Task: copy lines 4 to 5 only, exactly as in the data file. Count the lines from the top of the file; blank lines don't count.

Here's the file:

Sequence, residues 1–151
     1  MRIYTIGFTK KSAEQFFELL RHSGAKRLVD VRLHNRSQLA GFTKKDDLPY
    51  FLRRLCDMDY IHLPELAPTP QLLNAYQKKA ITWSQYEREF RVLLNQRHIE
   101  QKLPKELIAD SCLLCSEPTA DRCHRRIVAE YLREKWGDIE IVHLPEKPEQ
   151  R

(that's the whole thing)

   101  QKLPKELIAD SCLLCSEPTA DRCHRRIVAE YLREKWGDIE IVHLPEKPEQ
   151  R